“Trent Arnold has a terrific chance of making it as a top professional,” he wrote. “He’s quite leggy but he’s got a lovely frame and seems to have all the attributes you need.
“He has the right attitude and comes from West Derby, home to Melwood. So Trent is another Scouser and apparently, just as I tried to be John Barnes and Steve McMahon, he grew up pretending to be me while playing in the Merseyside parks.”
A 9 year old Trent Alexander-Arnold circled. He was at the academy when his brother Tyler played with this lot. pic.twitter.com/IvUlFzFHpy
— Peter Connolly (@PeterConnolly9) October 25, 2016
After a couple of appearances in pre-season friendlies, Alexander-Arnold made his competitive debut for Liverpool in a League Cup victory at Tottenham in October 2016, immediately making a positive impression by being included in the Football League’s Team of the Round.
Just a few weeks later, the Reds rewarded the right-back with a new long-term deal, and he followed that up with a man of the match performance in his second start for the club, providing an assist in a 2-0 victory over Leeds United.
His biggest challenge of that season came when he was thrown in at the deep end with a shock start at Old Trafford, having been told just four hours beforehand, and shackled Anthony Martial to such an extent the France international was substituted just after the hour mark.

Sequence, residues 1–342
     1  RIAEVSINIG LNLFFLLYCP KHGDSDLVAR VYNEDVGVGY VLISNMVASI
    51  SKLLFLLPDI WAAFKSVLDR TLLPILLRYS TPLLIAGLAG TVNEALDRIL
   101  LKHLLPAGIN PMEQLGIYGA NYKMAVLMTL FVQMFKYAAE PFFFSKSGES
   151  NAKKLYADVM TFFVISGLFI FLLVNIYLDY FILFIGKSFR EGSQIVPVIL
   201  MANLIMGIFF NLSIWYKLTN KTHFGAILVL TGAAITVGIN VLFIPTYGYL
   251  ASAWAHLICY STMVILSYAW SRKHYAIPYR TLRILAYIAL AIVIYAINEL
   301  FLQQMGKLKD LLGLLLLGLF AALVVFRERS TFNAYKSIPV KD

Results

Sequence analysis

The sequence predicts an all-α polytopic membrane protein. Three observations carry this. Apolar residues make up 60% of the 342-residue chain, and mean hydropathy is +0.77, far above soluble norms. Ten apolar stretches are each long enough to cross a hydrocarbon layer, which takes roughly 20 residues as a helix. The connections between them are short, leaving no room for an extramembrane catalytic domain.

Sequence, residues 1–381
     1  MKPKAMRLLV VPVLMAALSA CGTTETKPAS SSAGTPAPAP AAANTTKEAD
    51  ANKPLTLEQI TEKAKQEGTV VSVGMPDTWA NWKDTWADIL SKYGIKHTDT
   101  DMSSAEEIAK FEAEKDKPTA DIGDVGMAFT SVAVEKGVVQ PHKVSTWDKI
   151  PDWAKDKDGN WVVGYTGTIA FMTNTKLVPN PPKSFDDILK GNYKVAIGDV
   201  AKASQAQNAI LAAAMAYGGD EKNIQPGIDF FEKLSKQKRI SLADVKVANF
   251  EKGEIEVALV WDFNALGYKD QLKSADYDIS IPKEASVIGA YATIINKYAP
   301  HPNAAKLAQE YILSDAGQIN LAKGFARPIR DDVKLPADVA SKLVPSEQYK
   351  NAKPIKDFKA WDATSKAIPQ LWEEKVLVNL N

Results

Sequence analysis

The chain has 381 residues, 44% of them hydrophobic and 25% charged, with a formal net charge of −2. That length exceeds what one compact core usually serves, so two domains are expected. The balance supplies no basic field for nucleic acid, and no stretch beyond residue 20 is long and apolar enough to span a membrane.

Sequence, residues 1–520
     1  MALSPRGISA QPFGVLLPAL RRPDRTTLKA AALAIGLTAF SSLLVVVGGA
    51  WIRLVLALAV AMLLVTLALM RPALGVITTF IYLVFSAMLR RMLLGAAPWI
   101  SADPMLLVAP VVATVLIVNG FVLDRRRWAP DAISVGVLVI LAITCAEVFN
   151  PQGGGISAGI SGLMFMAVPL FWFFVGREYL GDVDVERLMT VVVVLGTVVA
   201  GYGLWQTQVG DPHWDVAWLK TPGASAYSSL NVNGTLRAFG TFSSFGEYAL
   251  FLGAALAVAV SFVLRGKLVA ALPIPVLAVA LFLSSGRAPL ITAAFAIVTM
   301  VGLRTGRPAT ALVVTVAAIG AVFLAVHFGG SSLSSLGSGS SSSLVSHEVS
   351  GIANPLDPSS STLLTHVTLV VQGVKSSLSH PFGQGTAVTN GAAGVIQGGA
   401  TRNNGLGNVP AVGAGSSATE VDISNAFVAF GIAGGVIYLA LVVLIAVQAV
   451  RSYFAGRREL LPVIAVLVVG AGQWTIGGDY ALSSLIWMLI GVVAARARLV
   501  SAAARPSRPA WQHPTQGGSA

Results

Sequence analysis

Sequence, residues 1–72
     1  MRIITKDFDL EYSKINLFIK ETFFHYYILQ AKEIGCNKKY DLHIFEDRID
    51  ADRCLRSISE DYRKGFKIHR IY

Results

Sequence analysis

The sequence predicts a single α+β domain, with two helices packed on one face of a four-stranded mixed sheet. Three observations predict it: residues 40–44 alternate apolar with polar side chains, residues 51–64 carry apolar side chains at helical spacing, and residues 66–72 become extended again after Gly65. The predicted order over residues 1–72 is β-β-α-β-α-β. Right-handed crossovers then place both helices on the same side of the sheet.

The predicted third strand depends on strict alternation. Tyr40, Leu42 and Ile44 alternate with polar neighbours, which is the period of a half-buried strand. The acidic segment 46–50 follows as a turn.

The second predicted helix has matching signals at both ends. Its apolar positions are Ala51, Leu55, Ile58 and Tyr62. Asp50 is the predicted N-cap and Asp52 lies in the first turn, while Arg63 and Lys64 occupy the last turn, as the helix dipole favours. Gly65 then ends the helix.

He told Liverpool’s official website afterwards that he phoned his mum to deliver the surprise news of his start: “When I called her and told her she just started crying.
“That’s when I realised, it’s not just me who it’s happening to, it’s everyone around me as well. It was a good feeling to have. She just told me to go on and do the best that I can and don’t worry about what happens – and that’s what I did.
“The day before, we travelled to Manchester and stayed over in the hotel and I think about 12 in the afternoon the manager asked me if I was ready to start. I said ‘yeah’ and he said, ‘Okay, you’re starting.’
“That’s when I knew and I think it was a good thing knowing so late on because if I knew the day before I wouldn’t have had the best of sleeps.”
He would end his first campaign with 12 appearances to his name in all competitions having been named the club’s Young Player of the Year.